an order was made permitting an amendment of the summons in the particulars stated hereafter. On 27th October last the plaintiff's.attorney, in writing, informed the attorney for the defendant that the summons had been amended in the words ordered by the court. The amendmen t consisted in this: The notice following, and contained in the of an answer to the complaint ansummons, had stated that, in nexed'thereto, plaintiff" would take judgment against you." In lieu of these words, which were stricken out, were inserted the w()rds, "will .apply to the court." The motion now is to set aside the service of the summons on the defendant herein as defective for the reaSon that the copy does not conform to the original as amended. In other wor!is, the plaintiff amended the summons in the record. This amendment caused&. variance between it and the copy which .had been originally .served upon defendant. Beoause of this variance the defendant contends that the summons should be set aside. The copy summons served upon the defendant must be an exact reproduction of the origiI1 al summons. Its office is to let him know that 'a' complaiIit has been ods to or not, as he may be adbe filed against him, so that he may vised. In the present case the copy summons had fultilled'its office. :UpoI,1 of it thedefendant carne in, and, standing upon his summoved that the com'plaint be dismissed, because it did not respond with the summons; that is to say, the surnmonscalled for an. answer to the cotDplaint. The defendarttalleged that no answer couid be required becauseoftbe defect, and that the complaint should be di$.missed. His motion was heard and considered. The defect was recognized. The complaint was 'not dismissed. The court allowed aD. amendment, of the retlord, and the defect was cured. 'This being the case, theoomplaintstand(s, and the defendant must answer it or go by default. No further summons is necessary, nor is it necessary to serve any amended summons in the same action. The defendant did not require any noticeofthechange in the phraseology of the summons. The order of this court, made in a proceeding in which he was the adtive party, gave him full notice,and' all that that order:effected was the corThe defendant shall have ,lintH the rule-day in rection of the December next to make such defense as he may be advised.
Court. D. South.'CaroZi'Tl.ai Ootober 24, 1891.)
I. SAME-AMENDWBNT' OJ' .PROCESS; .. , " ' . " . . . B. ut aa.,th. .. fers. to ... . . ei Pia.in ...h.iOl1.·.isservedwit.h.it, thul giving ...t.w notice of the n.ture of the relief could not have. been prejudIced by the' defect; 'aDd th$' notice: ·tollye amended, under Rev. St. U. B. § 948 iVnelldmeni of pJ:'ocesi! :wnC!1l the' P6£$OO againat wb,oin it. is wued will .', llrejudi(l8.4 'i.' " .,:.. I':,,' ",.' - .- , : , "i,;: . ,: 1' 't -' : ,
Under Utiitea'states ciircuit coun.rUle,5for thed!stl'.ictot South Carolina, requiring a notieetO beaerved iIialloose8.witl1'the sl.ilnmons and complaint, stating, except is for.a liquiWiWd sqm,thlj.t"onfailure toanswer,plainti:tl will apply tOtliecourt for tile relief demaridedin the COl:\lplaint, anotice served with "complaint aUd 6ummons for trespilllll on rands ill f&tally detective when it states , til-at on faUqre.to answer, plaintUr, will !'take you. for the relief demandedin,'tl1e It v. 47 Fed. Rep. 202, followed.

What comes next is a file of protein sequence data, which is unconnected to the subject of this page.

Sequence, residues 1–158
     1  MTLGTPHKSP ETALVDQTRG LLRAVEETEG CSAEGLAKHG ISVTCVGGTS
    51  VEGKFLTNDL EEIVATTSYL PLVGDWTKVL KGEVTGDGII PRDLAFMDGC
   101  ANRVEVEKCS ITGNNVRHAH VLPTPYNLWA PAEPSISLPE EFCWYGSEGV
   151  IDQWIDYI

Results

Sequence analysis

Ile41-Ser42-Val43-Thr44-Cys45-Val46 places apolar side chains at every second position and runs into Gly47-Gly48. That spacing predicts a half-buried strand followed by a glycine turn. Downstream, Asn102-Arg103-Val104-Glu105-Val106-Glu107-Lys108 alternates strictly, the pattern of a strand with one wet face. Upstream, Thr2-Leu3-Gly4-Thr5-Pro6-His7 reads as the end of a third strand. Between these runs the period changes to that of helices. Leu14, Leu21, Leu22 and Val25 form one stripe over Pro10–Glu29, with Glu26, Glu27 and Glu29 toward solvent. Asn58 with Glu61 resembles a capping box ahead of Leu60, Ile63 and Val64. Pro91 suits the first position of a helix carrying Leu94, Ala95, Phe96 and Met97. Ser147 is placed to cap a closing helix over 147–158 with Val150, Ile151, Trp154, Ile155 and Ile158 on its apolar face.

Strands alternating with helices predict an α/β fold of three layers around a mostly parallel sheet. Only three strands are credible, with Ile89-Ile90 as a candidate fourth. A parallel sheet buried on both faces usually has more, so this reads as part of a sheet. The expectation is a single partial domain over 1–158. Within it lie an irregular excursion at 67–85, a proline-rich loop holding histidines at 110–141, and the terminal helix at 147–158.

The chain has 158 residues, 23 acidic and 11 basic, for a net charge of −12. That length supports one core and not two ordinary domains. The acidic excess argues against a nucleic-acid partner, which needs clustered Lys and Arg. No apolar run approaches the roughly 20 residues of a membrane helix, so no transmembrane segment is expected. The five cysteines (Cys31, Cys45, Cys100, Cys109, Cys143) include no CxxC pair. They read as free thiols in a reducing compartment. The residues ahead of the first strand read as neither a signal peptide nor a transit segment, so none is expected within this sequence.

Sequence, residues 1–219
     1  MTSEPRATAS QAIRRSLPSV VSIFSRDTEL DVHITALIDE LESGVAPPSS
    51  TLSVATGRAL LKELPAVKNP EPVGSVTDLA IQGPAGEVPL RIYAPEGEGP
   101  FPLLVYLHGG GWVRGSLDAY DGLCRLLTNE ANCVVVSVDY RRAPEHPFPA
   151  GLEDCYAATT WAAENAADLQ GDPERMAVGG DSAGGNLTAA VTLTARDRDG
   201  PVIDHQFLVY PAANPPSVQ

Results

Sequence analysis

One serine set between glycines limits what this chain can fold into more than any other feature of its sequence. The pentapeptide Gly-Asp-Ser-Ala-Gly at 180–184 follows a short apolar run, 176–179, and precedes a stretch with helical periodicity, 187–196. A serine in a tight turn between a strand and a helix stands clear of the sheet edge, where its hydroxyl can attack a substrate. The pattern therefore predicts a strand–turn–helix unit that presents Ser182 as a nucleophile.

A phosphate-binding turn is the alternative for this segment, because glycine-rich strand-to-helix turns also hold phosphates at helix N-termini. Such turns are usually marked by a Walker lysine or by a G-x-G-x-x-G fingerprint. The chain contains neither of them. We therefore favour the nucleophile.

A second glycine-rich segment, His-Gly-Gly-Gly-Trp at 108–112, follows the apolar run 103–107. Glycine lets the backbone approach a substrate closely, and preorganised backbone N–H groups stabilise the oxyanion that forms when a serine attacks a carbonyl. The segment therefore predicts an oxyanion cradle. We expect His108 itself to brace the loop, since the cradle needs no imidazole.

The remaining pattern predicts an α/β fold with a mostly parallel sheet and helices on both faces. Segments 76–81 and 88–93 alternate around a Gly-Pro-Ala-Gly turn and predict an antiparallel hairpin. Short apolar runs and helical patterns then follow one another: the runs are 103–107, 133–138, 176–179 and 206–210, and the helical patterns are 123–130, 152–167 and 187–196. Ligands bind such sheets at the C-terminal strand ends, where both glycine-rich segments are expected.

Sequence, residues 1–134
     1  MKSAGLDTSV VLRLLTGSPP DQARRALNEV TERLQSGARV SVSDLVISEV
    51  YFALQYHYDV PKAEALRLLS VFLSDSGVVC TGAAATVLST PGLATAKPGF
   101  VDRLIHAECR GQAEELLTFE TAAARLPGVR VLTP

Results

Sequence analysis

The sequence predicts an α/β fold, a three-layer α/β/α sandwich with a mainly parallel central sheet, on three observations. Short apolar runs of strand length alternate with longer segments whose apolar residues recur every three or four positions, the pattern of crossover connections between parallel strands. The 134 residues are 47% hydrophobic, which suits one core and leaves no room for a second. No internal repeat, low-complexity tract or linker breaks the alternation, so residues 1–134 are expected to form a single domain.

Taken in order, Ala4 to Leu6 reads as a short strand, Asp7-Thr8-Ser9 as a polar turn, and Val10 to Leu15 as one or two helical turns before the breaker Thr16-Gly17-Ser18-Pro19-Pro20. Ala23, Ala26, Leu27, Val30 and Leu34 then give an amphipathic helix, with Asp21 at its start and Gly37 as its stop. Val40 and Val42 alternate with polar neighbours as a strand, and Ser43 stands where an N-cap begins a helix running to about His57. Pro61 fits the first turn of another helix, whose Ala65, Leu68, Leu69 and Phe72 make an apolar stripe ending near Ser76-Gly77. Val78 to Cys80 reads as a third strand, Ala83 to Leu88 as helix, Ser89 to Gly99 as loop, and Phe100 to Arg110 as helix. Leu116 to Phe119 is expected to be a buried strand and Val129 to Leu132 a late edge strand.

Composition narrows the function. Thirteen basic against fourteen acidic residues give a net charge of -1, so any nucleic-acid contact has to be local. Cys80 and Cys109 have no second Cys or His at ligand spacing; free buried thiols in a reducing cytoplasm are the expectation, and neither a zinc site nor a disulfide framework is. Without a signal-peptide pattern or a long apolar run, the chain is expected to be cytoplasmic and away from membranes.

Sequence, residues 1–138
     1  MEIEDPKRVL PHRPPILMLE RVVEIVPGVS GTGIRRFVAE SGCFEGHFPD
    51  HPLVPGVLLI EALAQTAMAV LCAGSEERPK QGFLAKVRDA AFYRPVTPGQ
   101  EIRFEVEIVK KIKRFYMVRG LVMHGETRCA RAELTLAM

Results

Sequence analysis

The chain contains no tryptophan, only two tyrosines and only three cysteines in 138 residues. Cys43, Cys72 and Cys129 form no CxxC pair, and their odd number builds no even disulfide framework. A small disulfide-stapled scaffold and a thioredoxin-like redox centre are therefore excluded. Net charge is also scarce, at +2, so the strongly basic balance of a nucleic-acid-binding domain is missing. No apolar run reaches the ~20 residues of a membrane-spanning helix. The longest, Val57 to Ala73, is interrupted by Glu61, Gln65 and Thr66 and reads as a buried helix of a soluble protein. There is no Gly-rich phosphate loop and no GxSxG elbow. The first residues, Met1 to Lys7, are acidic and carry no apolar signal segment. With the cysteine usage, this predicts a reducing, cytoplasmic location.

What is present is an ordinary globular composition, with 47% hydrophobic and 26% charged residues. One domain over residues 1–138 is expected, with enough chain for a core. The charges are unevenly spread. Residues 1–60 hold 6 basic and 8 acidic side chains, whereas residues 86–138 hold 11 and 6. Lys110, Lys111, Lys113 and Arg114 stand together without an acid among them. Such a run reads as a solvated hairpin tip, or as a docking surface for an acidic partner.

. uz1leUteS·th '[,"1' t'tf"
:.. ,,; ,
aeomplalnt, in thllt it ,The SllDlIllOnS, !1eJYed with com. ,plp.int.UJ;.. ill: thensllat fclJ:'!lll; Jh<lonclud.eswith .. "iIr you fllir,tq within the time a.foreWill, for tberelief demanded in. ", our ofcourt,,iwhe.n the. is upon thepla,inti,ffllan; 'on· failure of answer, In 1aJ.! qt4ea: oases he to thecom;t for the reUef,iiemll,ndedin,tbfil.C;OD)pl:a.ipt. And' .the SijmI;llOnS contains the in whiah,pis The complaint ilJi.f9r a trespasl! c;mland, : Hit be notqnswered.. plaintifi' cannot take ·. , :aut:he,mustap,ply to the The sumOlons .aml 90m plaint.do pot· cQnforin, .and .the, q6f.ect fatal. ChamTh6d<iefelldant, upon the intimation of In the case just quoted no such motion was made, and the point was not decided. A strong intimation of au opinion againsUt was given. I now have full opportunity of considerinK the authorities, and will discuss and decide it. Every court possesses the discretion of allowing any amendments in the pleadings in a pending case. This power is exer· cised in furtherance of justice. "Perhaps," says MARSHALL, C. J., "the legal discretion which thus exists acknowledges no other limit than is necessary for the purposes of justice and for the restraint of gross and inexcusable negligence," (Calloway v. Dobson, 1 Brock. 119;) or, as it is put by PARK, J:., iIi Taylor v. Lyon, 5 Bing. 333: "Amendments are now generallyallowed at every stage of the pleadings for the advancement of justice. The question usually is, will any injustice be done by what is proposed? If not, the amendment is allowed." Section 948 ofthe Re.